The conversation around tariffs tends to focus primarily on gains and losses. Domestic protected producers are said to gain because of higher prices and returns. Domestic consumers are said to lose because of said higher prices; the consumers now need to expend more effort to acquire the same or a fewer number of goods.
But the standard “welfare analysis” story of tariffs is, while correct, incomplete. We live in a world of transaction costs and people do not instantly and costlessly move from one state of being to the other; that is, people face “transition costs.” These costs include: searching for new suppliers and all the transaction costs therefrom (if they’re buying the imported product), tax compliance (if they are the importers), enforcement costs (for customs agents), lobbying costs (if they are lobbying for/against protection), etc etc. These costs are not directly captured in the textbook model of tariffs but are costs nonetheless.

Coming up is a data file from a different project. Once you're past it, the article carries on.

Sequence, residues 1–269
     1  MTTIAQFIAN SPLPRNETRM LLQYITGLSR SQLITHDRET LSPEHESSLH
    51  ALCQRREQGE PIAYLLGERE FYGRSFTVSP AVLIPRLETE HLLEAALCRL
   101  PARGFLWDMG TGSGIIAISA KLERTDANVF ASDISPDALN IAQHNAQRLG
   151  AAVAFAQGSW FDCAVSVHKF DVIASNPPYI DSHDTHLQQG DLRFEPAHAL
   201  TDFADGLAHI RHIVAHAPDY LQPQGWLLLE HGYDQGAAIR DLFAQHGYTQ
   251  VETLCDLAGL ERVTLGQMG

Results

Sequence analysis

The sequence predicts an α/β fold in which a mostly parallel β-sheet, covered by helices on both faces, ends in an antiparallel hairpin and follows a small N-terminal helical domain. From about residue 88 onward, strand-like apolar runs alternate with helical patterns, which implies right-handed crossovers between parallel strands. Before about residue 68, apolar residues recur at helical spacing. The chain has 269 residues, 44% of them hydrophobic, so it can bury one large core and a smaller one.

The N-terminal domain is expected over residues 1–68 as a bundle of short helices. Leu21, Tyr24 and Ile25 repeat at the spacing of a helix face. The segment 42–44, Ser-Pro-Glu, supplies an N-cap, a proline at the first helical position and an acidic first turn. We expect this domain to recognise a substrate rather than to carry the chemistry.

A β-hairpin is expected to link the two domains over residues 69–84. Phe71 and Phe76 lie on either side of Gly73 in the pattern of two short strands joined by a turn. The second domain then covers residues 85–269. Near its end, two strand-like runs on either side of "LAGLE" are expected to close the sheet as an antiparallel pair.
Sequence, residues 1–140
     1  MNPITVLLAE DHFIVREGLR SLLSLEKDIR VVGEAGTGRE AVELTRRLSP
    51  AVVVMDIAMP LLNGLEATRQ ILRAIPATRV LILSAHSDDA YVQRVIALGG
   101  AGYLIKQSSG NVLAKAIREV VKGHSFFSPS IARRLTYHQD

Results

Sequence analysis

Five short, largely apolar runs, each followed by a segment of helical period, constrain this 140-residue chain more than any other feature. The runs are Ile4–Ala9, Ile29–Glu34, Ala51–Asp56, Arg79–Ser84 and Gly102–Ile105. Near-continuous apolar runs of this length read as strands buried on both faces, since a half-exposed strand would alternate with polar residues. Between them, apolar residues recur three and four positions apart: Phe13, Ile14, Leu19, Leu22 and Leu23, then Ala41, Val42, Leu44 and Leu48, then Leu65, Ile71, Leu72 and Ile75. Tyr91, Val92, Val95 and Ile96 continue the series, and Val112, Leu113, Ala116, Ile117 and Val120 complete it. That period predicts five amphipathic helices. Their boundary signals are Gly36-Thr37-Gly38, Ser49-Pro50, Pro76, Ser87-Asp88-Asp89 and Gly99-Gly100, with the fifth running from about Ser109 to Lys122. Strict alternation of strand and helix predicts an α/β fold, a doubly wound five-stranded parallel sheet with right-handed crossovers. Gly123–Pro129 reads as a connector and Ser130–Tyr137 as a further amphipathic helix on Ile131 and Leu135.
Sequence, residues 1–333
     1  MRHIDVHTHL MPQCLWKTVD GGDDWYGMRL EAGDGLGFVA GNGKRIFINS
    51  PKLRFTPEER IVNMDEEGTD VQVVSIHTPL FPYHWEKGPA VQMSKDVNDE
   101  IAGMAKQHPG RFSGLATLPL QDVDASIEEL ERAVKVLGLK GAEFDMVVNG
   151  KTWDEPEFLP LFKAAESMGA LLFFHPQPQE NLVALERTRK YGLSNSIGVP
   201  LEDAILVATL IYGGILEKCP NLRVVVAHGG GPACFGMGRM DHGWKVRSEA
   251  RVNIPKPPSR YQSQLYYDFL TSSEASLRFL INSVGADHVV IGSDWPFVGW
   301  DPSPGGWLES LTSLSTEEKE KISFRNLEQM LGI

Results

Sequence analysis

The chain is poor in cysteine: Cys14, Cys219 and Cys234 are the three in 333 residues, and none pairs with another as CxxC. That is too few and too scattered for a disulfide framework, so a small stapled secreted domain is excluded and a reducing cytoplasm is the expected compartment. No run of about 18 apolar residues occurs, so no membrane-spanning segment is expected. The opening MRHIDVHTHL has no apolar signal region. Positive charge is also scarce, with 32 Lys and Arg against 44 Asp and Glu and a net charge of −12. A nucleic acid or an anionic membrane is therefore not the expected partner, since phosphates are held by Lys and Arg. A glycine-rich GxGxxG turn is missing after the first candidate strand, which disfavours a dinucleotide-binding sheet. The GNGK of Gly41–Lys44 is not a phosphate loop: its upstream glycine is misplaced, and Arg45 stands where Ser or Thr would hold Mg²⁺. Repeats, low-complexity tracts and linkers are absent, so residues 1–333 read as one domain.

The implication of including transition costs of tariffs into the analysis is it makes the argument for tariffs even weaker; the true costs of the tariffs are likely considerably higher than typically anticipated. As resources are devoted to compliance (or avoidance) of the tariff, to finding new suppliers or paying higher bills, that means fewer resources devoted to “building a better mousetrap.” It means fewer resources dedicated to expanding and hiring and innovating. It means fewer resources being devoted to satisfying desires. It means we should be extremely skeptical of anyone who claims tariffs will “make America great again.”
Along the same lines as this post, check out David Henderson’s recent EconLog post on the costs of the TSA.